Richmond during the Revolutionary War

Campagne en Virginie du Major Général M'is de LaFayette : ou se trouvent les camps et marches, ainsy que ceux du Lieutenant Général Lord Cornwallis en 1781 Campaign in Virginia of Major General Marquis de LaFayette: where the camps and marches are, as well as those of Lieutenant General Lord Cornwallis in 1781

One of the lesser known cities that took part in the Revolutionary War, Richmond, Virginia, was home to many revolutionary figures that influenced the creation of the United States. One influential figure that was from Richmond was Patrick Henry. Henry delivered his famous “Give me Liberty or Give me Death” speech at St. John’s Episcopal Church where the spirit of the Revolution was heard by delegates of the Second Virginia Congress. Henry’s speech persuaded the delegates to assist in the war effort, as well as leave a lasting impression both on the delegates present, and on patriots throughout the 13 colonies.  

Patrick Henry before the Virginia House of Burgesses May 30, 1765
Patrick Henry before the Virginia House of Burgesses on May 30, 1765. Library of Congress

Richmond became the state capital in 1780, in the midst of the Revolutionary War, with the election of Thomas Jefferson as governor of Virginia. Jefferson publicly declared that the capital of Virginia would move to the small town of Richmond due to its centralized and defendable location. However, a major deciding factor in moving the capital to Richmond for Jefferson was support for the Revolution. Richmond housed fewer loyalists compared to Williamsburg. Williamsburg had been the capital of Virginia since 1699, and over time British governors of Virginia, such as Lord Dunmore, had created a long-lasting loyalist base. Jefferson took many drastic approaches to loyalists residing in Virginia by signing a proclamation banishing them the colony. Jefferson’s main priority in making Richmond the capital was to separate Virginia from its British roots. It was an attempt by Jefferson to eliminate political resistance in Virginia’s new revolutionary government.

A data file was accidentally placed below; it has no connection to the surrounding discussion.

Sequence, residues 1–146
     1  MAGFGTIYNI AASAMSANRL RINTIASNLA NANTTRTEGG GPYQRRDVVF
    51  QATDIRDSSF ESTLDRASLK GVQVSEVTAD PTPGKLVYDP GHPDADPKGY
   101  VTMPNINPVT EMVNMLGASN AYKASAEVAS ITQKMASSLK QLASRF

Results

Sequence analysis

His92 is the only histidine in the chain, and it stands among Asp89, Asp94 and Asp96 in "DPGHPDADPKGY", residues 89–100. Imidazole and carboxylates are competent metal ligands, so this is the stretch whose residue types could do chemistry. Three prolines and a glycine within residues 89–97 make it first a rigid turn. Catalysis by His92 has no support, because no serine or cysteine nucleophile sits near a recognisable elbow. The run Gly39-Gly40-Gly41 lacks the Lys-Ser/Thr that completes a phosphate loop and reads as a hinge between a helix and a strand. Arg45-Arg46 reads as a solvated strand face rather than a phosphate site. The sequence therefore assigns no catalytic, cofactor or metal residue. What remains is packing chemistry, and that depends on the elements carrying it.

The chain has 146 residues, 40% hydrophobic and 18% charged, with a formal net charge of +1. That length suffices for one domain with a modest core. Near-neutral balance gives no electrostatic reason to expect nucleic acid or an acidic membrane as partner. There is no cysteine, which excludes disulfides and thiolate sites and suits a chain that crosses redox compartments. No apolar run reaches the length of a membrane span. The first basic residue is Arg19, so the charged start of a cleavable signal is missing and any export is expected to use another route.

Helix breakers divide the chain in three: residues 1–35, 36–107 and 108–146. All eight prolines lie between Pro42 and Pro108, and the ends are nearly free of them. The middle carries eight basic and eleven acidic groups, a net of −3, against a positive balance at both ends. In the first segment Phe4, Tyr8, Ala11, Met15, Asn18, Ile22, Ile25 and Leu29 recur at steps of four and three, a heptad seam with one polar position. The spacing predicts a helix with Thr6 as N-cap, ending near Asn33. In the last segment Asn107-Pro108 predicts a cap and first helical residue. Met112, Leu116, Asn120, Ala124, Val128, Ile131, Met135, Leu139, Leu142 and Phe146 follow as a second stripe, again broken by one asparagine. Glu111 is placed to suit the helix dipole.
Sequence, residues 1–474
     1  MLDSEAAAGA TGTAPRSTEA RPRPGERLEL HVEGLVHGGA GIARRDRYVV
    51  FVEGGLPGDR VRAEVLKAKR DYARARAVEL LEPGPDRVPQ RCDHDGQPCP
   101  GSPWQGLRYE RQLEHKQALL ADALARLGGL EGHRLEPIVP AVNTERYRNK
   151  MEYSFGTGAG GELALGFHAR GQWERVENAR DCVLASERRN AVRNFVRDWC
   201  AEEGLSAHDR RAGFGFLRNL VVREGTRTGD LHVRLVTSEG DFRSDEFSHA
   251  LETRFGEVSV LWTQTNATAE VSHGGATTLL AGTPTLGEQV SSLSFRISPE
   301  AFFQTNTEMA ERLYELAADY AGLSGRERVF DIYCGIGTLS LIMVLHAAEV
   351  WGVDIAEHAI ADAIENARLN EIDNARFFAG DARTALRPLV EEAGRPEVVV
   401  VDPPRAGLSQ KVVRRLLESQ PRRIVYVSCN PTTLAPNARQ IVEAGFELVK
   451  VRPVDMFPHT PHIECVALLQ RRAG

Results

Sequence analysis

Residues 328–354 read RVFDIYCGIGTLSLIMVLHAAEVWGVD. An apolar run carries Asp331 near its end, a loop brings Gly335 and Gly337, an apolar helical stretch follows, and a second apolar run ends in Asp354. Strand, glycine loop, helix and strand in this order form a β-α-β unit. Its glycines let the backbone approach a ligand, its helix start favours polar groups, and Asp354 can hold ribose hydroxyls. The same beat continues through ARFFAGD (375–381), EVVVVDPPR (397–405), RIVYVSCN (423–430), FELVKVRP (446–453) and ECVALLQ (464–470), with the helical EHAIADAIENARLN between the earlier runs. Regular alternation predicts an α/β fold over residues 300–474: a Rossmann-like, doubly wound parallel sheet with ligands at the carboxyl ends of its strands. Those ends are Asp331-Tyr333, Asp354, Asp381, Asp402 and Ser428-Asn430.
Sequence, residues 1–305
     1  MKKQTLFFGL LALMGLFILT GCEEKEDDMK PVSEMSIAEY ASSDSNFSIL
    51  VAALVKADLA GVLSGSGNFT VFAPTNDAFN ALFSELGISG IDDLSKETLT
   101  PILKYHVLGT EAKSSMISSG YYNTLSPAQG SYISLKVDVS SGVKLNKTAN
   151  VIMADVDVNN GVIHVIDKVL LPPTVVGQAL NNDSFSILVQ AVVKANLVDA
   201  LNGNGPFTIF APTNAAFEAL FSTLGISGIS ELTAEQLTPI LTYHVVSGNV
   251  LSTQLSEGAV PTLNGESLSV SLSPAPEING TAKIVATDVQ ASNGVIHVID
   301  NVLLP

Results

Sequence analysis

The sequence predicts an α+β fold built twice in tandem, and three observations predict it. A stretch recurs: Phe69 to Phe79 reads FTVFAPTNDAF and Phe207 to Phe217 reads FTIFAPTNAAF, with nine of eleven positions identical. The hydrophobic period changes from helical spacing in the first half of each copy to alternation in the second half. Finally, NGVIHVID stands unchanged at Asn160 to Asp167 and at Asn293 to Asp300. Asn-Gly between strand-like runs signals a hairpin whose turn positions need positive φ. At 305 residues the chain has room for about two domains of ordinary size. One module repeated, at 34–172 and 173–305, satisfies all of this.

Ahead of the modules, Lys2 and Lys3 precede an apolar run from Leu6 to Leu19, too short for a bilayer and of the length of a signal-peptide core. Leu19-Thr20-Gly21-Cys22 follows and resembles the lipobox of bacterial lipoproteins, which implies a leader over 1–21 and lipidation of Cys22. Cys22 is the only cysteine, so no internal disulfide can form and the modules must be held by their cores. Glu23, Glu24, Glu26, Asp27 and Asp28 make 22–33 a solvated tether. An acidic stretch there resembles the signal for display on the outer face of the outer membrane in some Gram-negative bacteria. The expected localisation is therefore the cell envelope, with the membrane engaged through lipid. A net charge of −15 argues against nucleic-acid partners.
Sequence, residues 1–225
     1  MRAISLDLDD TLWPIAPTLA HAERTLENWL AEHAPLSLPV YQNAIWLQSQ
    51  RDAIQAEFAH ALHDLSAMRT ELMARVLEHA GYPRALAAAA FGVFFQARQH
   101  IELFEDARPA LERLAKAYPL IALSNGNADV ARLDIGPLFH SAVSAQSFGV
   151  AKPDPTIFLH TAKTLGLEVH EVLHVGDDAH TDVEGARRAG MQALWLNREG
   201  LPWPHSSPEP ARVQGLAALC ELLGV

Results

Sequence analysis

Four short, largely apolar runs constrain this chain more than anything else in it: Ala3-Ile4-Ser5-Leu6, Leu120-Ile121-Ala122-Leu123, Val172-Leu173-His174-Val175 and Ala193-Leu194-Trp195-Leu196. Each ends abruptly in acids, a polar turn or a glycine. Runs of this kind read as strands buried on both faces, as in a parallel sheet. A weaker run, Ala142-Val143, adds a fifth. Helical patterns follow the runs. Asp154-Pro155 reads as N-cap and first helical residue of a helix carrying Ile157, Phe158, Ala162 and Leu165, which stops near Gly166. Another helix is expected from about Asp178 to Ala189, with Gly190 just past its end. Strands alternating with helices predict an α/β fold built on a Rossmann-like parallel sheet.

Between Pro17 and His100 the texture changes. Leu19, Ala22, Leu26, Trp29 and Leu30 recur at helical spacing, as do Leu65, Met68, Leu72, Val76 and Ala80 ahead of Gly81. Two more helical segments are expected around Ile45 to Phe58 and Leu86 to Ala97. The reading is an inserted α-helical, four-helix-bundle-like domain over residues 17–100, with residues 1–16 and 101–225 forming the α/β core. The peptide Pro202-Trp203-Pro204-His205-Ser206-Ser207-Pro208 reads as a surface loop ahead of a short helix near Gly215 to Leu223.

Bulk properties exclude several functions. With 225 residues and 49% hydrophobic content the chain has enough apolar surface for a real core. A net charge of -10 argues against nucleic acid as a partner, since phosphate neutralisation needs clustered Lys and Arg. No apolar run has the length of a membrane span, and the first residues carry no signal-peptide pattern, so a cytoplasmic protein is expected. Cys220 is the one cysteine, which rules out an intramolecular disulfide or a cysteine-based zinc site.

Sketch of the Skirmish at Richmond on January 5th, 1781 on page 306 in the book Historical Collections of Virginia by Henry Howe. Internet Archive